Watchtower Teaches Youngsters To Give False Testimony in Court

by David Reed

When Jehovah's Witnesses go to court in a child custody case, they and their lawyers now turn for help to a new booklet of more than 60 pages, provided by the Watchtower Society.

Titled Direct and Cross-Examination Questions in Child Custody Cases, the booklet prepares JW parents by listing dozens of "cross-examination questions that Witness parents could face" and even offers suggested responses under the heading, "Sample approach by Witness Parent to Cross-Examination."

For example, "Do you believe all Catholics (or other) will be destroyed?" Answer: "Jehovah makes those judgments, not we."

Several pages of questions for the lawyer to ask the non-Witness parent in court are also included. In addition, there are suggestions for elders called to testify, and for Witness young people brought in to show the court "that they are normal."

Here the booklet suggests that the youngsters be instructed to testify to the exact opposite of what they would say if speaking to a Witness audience:

"Be careful that they don't get the impression that they are in a demonstration at the circuit assembly, when they would show that the first things in life are service and going to the Kingdom Hall. Show hobbies, crafts, social activity, sports, and especially plans for the future. Be careful they don't all say that they are going to be pioneers. Plans can be trade, getting married and having children, journalism, and all kinds of other things. Maybe you can show an interest in art and the theatre. They must be clean, moral, honest, but with the interests that you would expect from other young people." (p. 42)

The Society acknowledges that it is instructing them to say in court the opposite of what they would say "at a circuit assembly" to a Witness audience. The youngsters are always taught that filed service and Kingdom Hall activities should be "the most important thing in their lives," (The Watchtower, April 1, 1979, page 14).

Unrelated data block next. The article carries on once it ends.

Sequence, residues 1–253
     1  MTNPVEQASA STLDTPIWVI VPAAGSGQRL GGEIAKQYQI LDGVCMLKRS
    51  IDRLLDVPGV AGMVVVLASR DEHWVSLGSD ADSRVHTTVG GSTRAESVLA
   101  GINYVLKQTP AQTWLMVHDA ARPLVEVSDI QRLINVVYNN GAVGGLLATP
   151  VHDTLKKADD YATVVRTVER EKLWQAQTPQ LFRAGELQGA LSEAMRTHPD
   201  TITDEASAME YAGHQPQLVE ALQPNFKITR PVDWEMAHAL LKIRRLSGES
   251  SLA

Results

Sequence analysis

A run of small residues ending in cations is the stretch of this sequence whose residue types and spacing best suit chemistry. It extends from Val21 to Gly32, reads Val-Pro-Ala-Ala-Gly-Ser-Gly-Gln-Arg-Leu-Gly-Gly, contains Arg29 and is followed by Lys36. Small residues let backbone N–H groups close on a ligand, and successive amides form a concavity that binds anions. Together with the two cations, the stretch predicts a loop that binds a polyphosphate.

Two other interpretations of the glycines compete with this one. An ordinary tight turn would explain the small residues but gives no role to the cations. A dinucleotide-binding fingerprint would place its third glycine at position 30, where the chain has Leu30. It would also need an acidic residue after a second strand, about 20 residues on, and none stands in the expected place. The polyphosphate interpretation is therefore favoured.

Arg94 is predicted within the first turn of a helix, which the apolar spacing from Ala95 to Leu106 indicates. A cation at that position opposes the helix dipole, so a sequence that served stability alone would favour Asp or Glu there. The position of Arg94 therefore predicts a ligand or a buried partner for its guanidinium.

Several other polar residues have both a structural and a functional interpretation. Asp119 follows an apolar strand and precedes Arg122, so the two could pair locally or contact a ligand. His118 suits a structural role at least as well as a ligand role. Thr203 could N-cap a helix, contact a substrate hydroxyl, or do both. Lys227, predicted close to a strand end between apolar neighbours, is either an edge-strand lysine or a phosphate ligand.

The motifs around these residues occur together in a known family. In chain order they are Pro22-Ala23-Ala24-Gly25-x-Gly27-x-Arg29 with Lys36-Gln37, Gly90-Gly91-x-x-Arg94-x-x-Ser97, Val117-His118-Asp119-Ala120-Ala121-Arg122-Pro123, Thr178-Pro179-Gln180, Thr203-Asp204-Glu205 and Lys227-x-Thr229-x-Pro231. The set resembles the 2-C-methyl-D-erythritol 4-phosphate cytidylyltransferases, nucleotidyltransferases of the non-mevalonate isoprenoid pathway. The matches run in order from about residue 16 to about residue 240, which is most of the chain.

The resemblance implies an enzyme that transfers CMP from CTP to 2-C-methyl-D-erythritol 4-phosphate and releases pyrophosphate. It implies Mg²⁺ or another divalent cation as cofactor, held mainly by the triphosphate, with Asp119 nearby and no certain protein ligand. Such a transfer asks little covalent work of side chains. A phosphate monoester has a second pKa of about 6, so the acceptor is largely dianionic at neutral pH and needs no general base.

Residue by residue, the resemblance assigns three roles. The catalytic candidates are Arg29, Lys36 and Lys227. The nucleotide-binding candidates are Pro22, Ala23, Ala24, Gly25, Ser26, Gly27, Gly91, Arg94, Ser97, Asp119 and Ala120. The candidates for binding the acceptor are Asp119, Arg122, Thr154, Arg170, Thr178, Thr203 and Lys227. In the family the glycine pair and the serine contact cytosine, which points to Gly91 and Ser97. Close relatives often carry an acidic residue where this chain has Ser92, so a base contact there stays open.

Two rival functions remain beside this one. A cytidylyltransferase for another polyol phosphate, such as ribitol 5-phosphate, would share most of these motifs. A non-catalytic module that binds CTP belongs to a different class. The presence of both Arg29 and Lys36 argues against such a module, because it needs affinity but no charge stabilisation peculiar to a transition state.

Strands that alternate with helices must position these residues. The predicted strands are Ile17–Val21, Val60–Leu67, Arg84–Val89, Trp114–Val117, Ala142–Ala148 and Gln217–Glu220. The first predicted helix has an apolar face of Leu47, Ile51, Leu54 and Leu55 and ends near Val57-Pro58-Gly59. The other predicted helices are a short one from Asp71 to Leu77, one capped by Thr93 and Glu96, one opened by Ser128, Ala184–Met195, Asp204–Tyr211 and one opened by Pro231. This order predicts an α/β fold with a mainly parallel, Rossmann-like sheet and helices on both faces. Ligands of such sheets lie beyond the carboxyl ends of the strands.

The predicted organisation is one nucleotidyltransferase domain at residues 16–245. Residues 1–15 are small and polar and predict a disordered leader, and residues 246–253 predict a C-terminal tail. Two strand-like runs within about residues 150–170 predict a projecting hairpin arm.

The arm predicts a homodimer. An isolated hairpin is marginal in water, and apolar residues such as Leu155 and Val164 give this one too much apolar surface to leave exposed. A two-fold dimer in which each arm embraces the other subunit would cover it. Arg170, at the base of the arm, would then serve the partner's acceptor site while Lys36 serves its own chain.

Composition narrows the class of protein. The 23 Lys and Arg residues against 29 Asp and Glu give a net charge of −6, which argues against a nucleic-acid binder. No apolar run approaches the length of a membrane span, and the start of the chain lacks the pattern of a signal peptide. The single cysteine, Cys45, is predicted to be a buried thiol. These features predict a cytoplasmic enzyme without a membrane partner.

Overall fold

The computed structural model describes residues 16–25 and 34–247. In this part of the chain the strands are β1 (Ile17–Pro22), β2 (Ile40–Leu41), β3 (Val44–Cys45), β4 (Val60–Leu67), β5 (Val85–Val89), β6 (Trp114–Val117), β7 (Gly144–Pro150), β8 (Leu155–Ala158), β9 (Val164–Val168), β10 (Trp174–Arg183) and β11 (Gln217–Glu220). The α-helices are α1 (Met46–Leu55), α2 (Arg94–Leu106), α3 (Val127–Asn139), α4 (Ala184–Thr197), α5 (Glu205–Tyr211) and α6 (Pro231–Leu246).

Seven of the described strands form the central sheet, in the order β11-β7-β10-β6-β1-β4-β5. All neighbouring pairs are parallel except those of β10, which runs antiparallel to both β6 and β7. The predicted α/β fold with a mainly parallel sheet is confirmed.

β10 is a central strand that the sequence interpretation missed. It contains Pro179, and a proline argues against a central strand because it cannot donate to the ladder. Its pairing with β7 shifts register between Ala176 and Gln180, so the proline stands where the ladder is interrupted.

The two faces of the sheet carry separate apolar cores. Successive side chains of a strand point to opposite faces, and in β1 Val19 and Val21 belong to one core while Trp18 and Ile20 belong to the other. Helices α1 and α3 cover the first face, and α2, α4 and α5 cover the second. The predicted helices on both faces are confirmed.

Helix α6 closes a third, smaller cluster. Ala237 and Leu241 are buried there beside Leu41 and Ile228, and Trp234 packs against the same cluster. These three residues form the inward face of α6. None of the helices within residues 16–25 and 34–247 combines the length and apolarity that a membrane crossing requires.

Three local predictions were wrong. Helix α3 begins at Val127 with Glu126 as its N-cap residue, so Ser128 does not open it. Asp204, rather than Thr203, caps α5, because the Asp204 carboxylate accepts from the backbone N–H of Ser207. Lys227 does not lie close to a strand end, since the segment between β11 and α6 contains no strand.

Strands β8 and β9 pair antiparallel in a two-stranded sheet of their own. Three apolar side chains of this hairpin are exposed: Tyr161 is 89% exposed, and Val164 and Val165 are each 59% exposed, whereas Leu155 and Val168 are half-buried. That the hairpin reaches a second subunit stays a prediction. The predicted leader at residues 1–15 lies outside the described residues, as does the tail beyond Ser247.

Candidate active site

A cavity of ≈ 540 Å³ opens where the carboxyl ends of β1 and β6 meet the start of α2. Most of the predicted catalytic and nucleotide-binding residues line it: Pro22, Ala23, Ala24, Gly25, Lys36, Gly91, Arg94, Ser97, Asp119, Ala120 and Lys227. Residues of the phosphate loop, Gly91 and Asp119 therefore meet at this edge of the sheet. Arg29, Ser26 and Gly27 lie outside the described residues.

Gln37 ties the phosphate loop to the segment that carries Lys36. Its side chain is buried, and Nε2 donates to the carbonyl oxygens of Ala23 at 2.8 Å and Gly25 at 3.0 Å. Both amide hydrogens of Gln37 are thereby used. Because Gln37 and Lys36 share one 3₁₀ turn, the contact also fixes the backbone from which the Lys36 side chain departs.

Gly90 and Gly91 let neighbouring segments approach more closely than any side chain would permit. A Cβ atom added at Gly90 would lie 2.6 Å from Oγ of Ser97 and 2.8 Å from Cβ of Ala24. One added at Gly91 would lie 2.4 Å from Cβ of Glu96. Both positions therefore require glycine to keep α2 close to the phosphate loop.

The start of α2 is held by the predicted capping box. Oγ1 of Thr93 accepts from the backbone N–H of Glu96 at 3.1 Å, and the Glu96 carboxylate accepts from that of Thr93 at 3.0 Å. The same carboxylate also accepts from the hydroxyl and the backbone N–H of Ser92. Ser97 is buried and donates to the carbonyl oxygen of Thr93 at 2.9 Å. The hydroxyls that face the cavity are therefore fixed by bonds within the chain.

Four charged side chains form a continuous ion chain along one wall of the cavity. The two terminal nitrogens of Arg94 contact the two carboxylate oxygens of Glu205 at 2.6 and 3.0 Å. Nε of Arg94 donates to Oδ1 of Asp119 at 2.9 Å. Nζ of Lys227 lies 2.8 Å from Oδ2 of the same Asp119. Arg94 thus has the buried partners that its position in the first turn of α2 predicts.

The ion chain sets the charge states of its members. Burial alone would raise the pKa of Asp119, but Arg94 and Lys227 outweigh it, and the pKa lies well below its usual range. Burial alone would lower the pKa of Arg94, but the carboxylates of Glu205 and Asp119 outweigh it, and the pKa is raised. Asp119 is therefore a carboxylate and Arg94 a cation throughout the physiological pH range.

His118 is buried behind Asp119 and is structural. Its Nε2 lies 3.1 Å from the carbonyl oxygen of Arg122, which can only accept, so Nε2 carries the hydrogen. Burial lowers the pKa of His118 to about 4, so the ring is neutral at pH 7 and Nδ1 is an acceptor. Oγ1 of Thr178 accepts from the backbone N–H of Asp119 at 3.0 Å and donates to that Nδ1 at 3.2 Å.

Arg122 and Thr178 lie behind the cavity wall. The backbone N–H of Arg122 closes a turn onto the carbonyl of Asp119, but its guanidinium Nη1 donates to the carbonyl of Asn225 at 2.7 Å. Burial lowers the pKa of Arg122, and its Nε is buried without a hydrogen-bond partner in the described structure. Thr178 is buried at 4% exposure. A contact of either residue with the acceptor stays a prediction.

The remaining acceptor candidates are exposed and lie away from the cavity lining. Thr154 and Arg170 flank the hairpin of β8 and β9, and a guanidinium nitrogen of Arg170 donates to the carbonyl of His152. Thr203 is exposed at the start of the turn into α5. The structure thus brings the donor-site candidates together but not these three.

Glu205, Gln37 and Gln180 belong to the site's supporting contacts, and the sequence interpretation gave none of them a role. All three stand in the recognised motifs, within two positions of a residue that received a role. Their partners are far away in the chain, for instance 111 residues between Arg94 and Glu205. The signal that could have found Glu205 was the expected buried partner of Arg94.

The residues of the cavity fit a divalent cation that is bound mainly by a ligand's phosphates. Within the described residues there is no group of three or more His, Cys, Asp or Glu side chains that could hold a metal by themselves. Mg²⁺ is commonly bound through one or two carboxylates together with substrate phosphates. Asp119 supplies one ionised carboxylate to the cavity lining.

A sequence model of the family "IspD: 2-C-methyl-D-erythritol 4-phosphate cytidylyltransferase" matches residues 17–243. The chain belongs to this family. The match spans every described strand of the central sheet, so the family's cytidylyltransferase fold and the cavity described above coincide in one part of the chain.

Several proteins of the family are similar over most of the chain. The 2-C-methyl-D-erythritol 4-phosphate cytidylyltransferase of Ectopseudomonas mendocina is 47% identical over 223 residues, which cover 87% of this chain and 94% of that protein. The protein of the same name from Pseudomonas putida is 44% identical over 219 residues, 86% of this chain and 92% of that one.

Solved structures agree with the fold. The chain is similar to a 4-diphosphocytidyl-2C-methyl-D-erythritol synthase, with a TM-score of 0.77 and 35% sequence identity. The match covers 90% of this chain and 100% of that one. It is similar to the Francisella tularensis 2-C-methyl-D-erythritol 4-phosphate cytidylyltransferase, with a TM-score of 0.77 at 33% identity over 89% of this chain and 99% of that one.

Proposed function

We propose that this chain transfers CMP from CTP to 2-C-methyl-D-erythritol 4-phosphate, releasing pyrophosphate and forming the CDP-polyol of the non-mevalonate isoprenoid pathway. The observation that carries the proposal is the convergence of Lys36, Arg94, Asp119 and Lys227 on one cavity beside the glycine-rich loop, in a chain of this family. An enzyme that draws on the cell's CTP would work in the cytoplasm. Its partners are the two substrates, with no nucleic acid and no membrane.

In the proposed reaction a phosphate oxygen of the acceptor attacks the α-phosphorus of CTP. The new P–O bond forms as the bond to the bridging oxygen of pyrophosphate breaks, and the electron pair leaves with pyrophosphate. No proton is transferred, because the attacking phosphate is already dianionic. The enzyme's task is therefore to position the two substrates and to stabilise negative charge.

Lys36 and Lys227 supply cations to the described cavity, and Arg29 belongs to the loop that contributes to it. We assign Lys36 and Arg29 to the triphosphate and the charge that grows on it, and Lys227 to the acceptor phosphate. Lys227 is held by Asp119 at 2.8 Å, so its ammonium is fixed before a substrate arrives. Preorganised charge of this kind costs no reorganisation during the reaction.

Hobbies, crafts, social activities and sports are usually presented in a negative light. For example: "Witness parents encourage their children to use after-school hours principally to pursue spiritual interests, rather than to excel in some sport. Participation in organized sports, we believe, would expose Witness youths to unwholesome associations" (School and Jehovah's Witnesses, p. 23).

By instructing Witness kids called to testify in court to say the opposite of what they are really taught to believe, the Watchtower Society is requiring them to engage in a form of double-talk that most people would consider lying.

And, unless the youngsters are to consciously see themselves as liars, they must also engage in double-think, the mental gymnastics described in George Orwell's novel, Nineteen Eighty-Four, where people are forced by a totalitarian society "to be conscious of complete truthfulness while telling carefully constructed lies," (1984, p.32).

If a lawyer on the non-Witness side of a case wants to produce proof that the Watchtower training harms children, all he need do is subpoena a copy of the Society's booklet on child custody and place it in evidence!

The Watchtower Society seems to assume that even the worst Witness would make a better parent than the best non-Witness. Recognizing this as a prejudiced approach, the Author does not wish to promote the equally unbalanced view that the non-Witness parent is always the one who deserves custody. Some child custody cases are as difficult to decide as the one King Solomon settled at 1 Kings 3:16-28. "...I hate divorce, says Yahweh the God of Israel..." (Malachi 2:16, JB), and anyone observing a child custody battle can understand why.

(Reprinted from Comments From The Friends, Box 840, Stoughton, MA. 02072)

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